The term ‘Do Not Attempt Resuscitate‘ is a recent change to the order ‘Do Not Resuscitate‘, underlining that attempts to resuscitate are just that – attempts.
Ageism in DNAR orders
As solicitors specialising in supporting older and vulnerable people in Essex, we know that sadly, ageism in care is nothing new.
It is horrifying to think that DNAR orders are being applied to groups of older and vulnerable people. This is not how they should be used. And however stretched our health and care services are, this kind of disregard for older people cannot be tolerated.
Guidelines for DNAR are available
Best practice guidelines have been set out by the Resuscitation Council UK, but they are not being followed everywhere.
Clinicians need to do better here, too often the Resuscitation Council’s guidance is being ignored or treated as merely a ‘tick box’ exercise rather than prompting meaningful consultation with patients and loved ones.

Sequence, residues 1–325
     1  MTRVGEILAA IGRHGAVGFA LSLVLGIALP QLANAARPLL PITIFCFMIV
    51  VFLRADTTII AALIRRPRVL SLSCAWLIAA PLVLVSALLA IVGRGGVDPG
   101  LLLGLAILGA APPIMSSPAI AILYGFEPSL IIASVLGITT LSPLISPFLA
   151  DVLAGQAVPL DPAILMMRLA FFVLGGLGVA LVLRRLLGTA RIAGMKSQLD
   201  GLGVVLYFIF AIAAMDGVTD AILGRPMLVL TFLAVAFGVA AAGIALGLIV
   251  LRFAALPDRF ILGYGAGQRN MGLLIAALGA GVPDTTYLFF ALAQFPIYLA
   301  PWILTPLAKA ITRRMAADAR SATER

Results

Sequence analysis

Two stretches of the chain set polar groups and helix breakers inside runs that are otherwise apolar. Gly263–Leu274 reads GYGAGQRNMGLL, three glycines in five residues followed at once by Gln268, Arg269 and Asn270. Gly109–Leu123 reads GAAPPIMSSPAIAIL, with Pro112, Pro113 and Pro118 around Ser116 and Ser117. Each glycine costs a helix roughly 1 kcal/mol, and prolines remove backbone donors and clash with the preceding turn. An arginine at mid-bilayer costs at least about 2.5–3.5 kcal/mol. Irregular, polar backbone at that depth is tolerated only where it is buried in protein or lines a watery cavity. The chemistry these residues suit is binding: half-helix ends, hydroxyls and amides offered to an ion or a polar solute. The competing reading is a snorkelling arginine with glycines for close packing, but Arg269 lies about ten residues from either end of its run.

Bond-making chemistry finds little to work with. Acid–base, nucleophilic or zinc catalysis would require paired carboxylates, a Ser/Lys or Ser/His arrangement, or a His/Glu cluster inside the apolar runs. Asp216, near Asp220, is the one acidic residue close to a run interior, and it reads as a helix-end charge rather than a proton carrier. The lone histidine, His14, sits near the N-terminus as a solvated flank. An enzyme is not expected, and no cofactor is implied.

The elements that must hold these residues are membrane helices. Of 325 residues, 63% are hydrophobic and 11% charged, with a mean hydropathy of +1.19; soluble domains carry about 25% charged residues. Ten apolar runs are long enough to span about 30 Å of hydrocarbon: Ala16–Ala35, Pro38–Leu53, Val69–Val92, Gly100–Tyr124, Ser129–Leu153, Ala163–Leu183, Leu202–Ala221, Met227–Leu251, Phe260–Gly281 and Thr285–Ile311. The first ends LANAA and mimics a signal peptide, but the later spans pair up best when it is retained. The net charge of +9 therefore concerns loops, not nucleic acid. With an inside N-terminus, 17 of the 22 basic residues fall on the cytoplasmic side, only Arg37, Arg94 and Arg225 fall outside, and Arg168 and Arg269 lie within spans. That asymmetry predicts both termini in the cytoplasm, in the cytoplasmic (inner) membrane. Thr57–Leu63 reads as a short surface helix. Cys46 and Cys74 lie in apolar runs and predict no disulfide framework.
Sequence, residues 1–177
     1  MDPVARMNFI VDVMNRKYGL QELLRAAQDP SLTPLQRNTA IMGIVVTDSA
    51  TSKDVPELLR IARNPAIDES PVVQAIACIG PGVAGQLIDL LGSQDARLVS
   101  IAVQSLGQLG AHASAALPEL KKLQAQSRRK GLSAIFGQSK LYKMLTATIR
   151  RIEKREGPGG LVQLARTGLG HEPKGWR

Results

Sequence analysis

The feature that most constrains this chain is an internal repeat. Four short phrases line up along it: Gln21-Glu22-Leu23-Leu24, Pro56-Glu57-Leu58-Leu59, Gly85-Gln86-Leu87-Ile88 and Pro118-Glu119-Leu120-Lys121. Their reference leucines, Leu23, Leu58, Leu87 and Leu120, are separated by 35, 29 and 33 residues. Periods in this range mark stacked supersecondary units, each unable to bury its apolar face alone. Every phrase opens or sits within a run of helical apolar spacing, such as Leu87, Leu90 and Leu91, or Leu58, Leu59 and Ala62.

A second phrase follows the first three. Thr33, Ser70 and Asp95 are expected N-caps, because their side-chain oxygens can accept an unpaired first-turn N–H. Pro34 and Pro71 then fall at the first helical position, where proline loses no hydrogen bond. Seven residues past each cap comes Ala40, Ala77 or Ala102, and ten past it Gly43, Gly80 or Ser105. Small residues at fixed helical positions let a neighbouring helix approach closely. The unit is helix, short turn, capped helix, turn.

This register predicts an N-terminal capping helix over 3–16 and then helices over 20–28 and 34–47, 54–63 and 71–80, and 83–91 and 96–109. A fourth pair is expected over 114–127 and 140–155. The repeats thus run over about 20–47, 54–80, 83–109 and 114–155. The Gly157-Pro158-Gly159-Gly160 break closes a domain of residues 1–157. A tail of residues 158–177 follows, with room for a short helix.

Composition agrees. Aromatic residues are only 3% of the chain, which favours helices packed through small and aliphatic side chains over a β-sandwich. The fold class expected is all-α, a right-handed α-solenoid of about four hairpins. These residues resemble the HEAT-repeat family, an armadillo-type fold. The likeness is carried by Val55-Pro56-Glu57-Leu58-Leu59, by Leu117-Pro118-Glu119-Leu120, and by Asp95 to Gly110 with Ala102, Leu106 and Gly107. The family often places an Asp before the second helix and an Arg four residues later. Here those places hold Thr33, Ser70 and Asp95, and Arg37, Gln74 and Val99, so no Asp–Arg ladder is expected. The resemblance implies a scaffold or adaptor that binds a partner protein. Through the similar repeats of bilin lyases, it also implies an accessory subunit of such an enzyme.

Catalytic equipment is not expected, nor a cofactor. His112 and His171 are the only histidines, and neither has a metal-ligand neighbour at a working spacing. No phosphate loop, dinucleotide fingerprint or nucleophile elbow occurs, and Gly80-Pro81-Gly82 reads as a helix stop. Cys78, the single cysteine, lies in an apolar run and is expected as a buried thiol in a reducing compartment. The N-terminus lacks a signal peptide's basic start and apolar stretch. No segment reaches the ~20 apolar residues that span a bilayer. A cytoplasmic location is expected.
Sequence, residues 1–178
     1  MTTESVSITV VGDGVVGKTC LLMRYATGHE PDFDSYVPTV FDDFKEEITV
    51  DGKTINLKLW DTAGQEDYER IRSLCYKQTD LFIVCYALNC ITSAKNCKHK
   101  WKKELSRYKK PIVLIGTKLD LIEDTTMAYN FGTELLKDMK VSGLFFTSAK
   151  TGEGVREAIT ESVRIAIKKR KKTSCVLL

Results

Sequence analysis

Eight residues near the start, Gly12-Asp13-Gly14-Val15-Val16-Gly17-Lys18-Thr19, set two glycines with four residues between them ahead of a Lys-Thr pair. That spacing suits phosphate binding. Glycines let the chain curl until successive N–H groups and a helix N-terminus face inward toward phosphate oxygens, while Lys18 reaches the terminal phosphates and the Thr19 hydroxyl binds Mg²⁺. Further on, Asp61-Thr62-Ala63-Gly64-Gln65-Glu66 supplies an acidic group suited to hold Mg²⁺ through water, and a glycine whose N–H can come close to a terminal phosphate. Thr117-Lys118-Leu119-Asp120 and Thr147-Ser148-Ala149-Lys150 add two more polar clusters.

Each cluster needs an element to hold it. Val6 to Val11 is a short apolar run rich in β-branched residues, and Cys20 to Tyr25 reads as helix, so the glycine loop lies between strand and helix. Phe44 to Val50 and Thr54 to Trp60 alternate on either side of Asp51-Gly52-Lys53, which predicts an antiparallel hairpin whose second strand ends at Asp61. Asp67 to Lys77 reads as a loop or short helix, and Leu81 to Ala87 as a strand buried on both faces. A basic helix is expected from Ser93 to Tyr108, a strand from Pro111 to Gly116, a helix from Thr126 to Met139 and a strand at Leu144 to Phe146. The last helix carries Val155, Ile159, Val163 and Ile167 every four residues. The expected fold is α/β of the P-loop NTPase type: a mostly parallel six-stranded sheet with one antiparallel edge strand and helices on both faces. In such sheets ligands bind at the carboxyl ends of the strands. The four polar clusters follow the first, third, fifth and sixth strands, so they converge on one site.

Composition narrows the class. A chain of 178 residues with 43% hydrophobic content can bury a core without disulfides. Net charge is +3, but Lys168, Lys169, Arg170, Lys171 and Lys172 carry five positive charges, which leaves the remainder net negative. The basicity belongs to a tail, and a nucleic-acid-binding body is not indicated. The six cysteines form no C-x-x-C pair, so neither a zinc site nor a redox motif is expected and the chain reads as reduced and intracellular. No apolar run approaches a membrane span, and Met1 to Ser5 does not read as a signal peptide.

Healthcare issues and age
There is clearly a need for all of us to initiate our own conversations about whether we’d want Cardiopulmonary resuscitation (CPR), and also about our wider care wishes.
Once we’re in an emergency situation it’s often too late.
Worryingly, only 59% of those aged 70+ have talked to loved ones about their care wishes. And whilst 81% of us think planning ahead for later life is important, only 22% of us have a Lasting Power of Attorney in place, setting out our wishes in writing in a legally binding way.
Lessons to learn
As a society, we must start talking about our wishes should we lose mental and/or physical capacity or require emergency medical treatment.
This recent investigation into the use of DNARs must encourage us all to have those difficult – but vital – conversations, no matter what our age.
If have any concerns or queries at all regarding care wishes and Lasting Powers of Attorney then please contact Bryony Wilmshurst, Partner at Cunningtons LLP and member of SFE (Solicitors for the Elderly) on: